‘The Voyage’ singer-songwriter accuses solicitor of bullying and coercion
Johnny Duhan said he endured sleepless nights worrying about costs of legal action
Singer-songwriter Johnny Duhan. Photograph: Joe O’Shaughnessy
Singer-songwriter Johnny Duhan has accused his former solicitor of attempting to “bully and coerce” him over unpaid royalties for his most famous song The Voyage.
Mr Duhan, who lives in Barna, Co Galway, said he had endured sleepless nights for seven months over the prospect that solicitor’s fees would swallow up the €50,000 he had been offered in a settlement.
He employed Eddie McGarr of McGarr Solicitors in Dublin as his solicitor in 2001 to recover unpaid royalties and damages for breach of copyright arising out of The Irish Tenors CD and video, which sold more than 500,000 copies in the US. It included a version of The Voyage, made famous by Christy Moore.
Mr Duhan told the Solicitors Disciplinary Tribunal he was told the legal costs involved in the “all-in settlement” for €50,000 would be the same as what was being offered by the defendants. He would be left with nothing.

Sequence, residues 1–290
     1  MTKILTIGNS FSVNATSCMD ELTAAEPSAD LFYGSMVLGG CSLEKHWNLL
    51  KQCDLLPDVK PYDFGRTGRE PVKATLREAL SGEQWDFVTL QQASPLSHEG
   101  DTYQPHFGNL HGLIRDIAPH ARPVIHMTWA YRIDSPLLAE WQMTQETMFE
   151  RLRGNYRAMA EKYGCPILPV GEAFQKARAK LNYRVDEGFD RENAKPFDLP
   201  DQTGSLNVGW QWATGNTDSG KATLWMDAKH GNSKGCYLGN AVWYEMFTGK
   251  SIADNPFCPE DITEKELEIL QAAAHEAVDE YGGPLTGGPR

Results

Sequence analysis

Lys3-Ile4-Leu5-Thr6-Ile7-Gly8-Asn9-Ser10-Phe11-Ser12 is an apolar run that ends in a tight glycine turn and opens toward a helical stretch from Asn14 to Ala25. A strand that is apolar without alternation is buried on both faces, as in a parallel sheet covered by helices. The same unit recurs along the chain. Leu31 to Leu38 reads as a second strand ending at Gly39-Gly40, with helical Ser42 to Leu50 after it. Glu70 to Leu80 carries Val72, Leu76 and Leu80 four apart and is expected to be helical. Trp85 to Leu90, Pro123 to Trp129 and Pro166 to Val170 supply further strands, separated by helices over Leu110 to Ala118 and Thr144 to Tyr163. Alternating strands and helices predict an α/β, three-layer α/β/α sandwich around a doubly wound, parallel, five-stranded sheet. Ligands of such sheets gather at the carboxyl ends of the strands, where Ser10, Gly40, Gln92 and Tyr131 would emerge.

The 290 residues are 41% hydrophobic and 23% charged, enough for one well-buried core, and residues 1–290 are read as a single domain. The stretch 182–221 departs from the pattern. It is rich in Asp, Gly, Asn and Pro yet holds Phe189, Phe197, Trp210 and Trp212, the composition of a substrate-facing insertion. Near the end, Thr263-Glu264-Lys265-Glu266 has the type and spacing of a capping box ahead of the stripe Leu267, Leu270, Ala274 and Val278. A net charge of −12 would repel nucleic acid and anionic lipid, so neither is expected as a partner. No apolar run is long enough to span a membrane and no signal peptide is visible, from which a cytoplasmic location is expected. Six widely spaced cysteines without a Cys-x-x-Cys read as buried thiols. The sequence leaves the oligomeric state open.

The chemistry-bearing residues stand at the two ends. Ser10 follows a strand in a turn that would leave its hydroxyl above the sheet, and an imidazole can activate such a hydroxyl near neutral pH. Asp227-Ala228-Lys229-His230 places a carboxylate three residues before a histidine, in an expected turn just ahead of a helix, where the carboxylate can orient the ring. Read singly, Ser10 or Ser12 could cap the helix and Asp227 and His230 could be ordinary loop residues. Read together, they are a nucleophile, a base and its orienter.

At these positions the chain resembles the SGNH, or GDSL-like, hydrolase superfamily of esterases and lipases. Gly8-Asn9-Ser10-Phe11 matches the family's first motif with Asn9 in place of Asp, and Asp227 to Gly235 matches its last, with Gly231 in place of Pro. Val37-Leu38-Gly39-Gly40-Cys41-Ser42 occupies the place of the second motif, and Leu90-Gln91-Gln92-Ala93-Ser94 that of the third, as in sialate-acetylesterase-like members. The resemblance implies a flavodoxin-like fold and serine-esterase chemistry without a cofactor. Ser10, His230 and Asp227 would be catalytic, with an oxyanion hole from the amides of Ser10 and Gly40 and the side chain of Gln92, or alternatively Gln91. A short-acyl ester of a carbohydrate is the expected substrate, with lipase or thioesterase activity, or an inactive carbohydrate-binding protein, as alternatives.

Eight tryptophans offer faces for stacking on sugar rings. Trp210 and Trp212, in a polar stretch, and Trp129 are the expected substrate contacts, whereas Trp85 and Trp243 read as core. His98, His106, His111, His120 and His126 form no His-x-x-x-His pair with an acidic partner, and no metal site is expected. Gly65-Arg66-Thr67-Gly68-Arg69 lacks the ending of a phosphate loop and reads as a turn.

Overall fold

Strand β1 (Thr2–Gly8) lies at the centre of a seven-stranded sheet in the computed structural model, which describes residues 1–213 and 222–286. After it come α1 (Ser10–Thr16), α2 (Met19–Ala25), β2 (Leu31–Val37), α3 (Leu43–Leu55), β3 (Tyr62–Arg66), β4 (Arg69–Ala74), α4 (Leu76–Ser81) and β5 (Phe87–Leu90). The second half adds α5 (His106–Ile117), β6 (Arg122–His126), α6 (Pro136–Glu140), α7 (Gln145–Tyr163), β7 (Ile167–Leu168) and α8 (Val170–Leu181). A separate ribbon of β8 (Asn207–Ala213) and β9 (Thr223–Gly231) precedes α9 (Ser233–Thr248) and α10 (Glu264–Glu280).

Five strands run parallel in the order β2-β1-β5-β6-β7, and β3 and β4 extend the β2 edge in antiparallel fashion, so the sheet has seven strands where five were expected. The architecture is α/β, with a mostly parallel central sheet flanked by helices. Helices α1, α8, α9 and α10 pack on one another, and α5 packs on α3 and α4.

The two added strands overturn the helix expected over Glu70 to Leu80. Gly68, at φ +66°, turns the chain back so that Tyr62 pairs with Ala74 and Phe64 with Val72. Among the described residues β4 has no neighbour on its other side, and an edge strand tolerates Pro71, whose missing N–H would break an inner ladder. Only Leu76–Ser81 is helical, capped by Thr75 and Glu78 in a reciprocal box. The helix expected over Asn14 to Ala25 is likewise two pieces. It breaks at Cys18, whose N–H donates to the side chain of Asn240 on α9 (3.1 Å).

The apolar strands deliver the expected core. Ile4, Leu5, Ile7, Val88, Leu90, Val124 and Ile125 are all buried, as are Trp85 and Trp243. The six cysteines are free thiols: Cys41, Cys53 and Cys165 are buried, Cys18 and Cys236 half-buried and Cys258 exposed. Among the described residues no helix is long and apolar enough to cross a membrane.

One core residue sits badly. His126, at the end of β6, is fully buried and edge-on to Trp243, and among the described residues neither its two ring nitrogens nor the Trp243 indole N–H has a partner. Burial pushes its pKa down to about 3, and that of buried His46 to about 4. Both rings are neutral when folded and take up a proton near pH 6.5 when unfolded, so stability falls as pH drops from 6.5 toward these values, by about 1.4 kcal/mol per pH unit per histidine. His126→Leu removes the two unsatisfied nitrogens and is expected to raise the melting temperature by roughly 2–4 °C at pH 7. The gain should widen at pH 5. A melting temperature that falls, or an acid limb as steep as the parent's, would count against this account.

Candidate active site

He said Mr McGarr refused to give a breakdown of the costs when the figure was suggested in March 2008. Later that year, after he sent him two registered letters, Mr McGarr finally came back with a figure of €16,131, which he still said was only an estimate.
Mr Duhan alleged that Mr McGarr suggested the €50,000 figure because he did not want to settle the case. He wanted to take it to the High Court where he would have got a higher solicitor’s fee “win, lose or draw”.
Mr McGarr denied any wrongdoing. He said he had made it clear to Mr Duhan from the beginning there would be costs involved which “would not be small”.
After three hours of deliberations, tribunal chairman Michael Carrigan adjourned the issue until this afternoon.
Mr Duhan settled the copyright case for €35,000 at the High Court in May, having fired Eddie McGarr as his representative.